More bad news for right-wingers longing to peddle the myth of liberal bias in the corporate media. Indiana University released a comprehensive study of the visuals used in presidential campaign coverage from 1992-2004, finding that the three major broadcast networks–NBC, CBS and ABC–all favored Republicans in each election.
The study focused on the visual production of news: where each story was placed in the newscast, editing techniques and manipulations related to camera angles, shot lengths, eyewitness perspectives and zoom movement. Among the most negative visual representations or "image bytes" is the "lip-flap shot," where a reporter's narration is placed over a candidate talking, which the report calls a "violation of professional television news production standards."
"Not only is lip-flap unflattering for the candidate who appears," the report notes, "but it also distracts from the reporter's narration because viewers focus attention on making sense of what the lip flapper appears to be saying." The technique was found to be used more often with Democratic candidates than with Republicans. A similar partisan bias was found in which candidates were given the last word, which were videotaped in flattering low-angle shots and which were given unflattering extreme close-ups and high angles.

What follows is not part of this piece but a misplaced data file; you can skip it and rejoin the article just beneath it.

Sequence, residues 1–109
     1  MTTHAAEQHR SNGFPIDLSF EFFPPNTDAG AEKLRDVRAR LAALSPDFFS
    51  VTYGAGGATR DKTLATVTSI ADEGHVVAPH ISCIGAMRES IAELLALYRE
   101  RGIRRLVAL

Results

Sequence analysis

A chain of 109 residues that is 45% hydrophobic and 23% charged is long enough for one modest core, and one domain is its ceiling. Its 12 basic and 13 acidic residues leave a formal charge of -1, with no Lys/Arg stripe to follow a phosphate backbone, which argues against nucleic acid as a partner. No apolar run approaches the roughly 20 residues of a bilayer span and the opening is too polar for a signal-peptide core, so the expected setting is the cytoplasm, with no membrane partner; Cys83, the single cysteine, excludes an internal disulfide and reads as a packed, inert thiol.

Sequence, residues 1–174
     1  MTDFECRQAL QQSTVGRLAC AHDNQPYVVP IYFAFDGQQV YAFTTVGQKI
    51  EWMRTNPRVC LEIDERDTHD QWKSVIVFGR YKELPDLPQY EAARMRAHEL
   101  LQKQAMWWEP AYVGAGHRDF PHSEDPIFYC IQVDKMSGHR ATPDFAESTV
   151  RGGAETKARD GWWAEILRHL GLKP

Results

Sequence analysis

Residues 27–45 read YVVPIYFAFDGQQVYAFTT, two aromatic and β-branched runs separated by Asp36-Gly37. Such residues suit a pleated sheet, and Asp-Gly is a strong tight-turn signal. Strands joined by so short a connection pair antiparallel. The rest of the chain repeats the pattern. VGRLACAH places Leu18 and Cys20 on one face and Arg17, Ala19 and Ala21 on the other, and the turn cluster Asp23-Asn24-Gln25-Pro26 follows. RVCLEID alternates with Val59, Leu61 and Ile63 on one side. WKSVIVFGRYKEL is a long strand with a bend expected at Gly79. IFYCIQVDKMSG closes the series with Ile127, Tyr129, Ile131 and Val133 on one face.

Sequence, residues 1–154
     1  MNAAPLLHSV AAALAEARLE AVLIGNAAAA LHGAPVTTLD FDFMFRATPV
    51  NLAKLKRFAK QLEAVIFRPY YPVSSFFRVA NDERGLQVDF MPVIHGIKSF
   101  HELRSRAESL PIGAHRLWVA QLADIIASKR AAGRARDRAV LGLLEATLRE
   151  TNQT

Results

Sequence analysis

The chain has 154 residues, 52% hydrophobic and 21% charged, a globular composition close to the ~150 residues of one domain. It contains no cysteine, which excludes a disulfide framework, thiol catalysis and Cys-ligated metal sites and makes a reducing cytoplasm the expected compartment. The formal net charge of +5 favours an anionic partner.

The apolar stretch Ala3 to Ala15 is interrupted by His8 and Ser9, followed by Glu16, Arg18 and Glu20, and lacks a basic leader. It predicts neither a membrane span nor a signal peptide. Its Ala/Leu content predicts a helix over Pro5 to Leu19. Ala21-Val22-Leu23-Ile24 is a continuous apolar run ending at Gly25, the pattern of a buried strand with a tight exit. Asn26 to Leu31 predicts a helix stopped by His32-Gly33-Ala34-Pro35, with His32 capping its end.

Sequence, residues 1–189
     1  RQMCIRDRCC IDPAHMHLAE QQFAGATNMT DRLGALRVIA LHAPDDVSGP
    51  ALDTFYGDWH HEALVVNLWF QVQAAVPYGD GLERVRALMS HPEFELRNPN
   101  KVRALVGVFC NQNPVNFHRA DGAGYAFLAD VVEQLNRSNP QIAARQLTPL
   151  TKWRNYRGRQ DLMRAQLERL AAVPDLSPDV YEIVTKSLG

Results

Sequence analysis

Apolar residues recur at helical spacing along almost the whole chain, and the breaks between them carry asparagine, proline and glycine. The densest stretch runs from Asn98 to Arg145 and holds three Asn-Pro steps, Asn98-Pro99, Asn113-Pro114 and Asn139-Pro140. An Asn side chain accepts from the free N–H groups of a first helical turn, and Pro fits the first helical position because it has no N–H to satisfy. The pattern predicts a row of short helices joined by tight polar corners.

In attempting to account for the pattern of favoring Republicans in four consecutive election cycles (during both Democratic and Republican administrations), Maria Elizabeth Gabe, one of the study's authors explained, "We don't think this is journalists conspiring to favor Republicans. We think they're just so beat up and tired of being accused of a liberal bias that they unknowingly give Republicans the benefit in coverage." In other words, "working the refs" works.